MAKEOVER: French company Thales has unveiled plans to overhaul the former Forgacs slipway at Carrington. The investment is set to create 70 jobs. Picture: SuppliedFRENCH company Thales has unveiled plans to rebuild the former Forgacs slipway, promising 70 new jobs after a deal was struck with the state government to transform the area into a marine repair precinct.
Thales Australia director of maritime, Max Kufner, said the company and state government were investing $6 million into the rundown facility for small ship repair, with a new lift at the Fitzroy Street, Carrington, site expected to handle ships up to 55 metres and 1000 tonnes in size.
Having originally built the facility for a 1994 Royal Australian Navy contract, Mr Kufner declared it was “Thales coming home”.
He said the company planned to start work on the site next year.
And while he stressed this investment was only for commercial ship repair and support, not construction, Mr Kufner said the company was “all eyes and ears” for lucrative Navy contracts.
“We’re happy to talk to them,” he said.
The company expects other businesses in the supply chain to flourish as a result of the investment.
“It creates a lot of jobs. Not just the direct jobs but also the indirect onesas well,” he said. “Looking forward at the future phases of this project, it could be many more on top of that.”
Deputy Premier John Barilaro said the “ripple effect” would see benefits flow to small businesses in the Hunter as the facility is “reberthed”.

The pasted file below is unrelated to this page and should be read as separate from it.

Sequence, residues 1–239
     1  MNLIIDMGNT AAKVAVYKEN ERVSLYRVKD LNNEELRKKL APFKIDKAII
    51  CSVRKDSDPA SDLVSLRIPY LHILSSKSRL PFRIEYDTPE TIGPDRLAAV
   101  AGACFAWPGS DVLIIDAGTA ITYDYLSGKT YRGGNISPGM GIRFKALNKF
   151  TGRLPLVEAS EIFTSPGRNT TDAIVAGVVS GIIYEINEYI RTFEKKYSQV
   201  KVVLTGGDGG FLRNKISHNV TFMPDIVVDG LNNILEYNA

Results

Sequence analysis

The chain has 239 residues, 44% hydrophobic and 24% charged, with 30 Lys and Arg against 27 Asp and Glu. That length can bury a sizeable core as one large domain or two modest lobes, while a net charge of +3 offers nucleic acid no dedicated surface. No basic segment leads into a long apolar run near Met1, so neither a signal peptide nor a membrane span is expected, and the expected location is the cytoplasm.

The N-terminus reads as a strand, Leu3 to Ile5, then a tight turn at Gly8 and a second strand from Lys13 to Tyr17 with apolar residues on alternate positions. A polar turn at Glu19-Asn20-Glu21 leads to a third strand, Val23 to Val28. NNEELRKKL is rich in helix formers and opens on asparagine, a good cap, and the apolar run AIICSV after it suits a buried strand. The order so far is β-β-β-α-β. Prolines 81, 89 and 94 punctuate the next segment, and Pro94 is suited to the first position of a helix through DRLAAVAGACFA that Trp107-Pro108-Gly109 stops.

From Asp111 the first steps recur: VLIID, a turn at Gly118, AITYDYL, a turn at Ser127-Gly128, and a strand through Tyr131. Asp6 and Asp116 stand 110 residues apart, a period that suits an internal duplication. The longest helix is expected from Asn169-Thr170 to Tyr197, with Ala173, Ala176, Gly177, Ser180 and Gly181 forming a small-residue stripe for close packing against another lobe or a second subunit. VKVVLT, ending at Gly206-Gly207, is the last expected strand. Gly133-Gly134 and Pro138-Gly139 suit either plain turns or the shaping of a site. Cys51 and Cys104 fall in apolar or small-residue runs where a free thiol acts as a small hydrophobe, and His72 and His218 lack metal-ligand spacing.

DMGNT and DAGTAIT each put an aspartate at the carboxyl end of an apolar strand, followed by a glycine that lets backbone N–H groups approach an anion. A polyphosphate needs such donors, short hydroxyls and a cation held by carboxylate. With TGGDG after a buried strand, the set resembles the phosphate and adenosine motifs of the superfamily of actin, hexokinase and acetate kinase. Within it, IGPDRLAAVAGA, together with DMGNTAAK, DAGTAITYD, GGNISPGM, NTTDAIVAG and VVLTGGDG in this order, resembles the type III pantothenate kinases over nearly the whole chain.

ANNOUNCEMENT: Deputy Premier John Barilaro, right, and Thales Australia’s Max Kufner on Thursday.
Mr Barilaro admitted the announcement on Thursday was a long way from the industry’sheyday, when ships used to be built at the site, rather than maintained.
“You look globally there are not many countries that build ships,” he said.
“We don’t build trains any more, and as you know, we’re not going to be building cars in this nation. The reality is manufacturing in this country is transitioning.”
However, Mr Barilaro said ship maintenance was a “growth sector”.
“That’s why you’ve seen Thales with a significant plan of investment,” he said.
Port of Newcastle chief executive Geoff Crowe said the investment showed the port was still the lifeblood of the region.
“I don’t think people realise the capacity we’ve got in this port. This port is operating basically at half-capacity,” he said. “So the future is really rosy and there’s strong opportunity.”
Mr Crowe said he was confident Thales would continue to increase its footprint in the port.
Both the Hunter Business Chamber and Hunter Unions welcomed Thursday’s announcement as a win for jobs in a fledgling manufacturing environment.
Chamber chief Bob Hawes said it was a “major boost” for the region’s defence industry sector.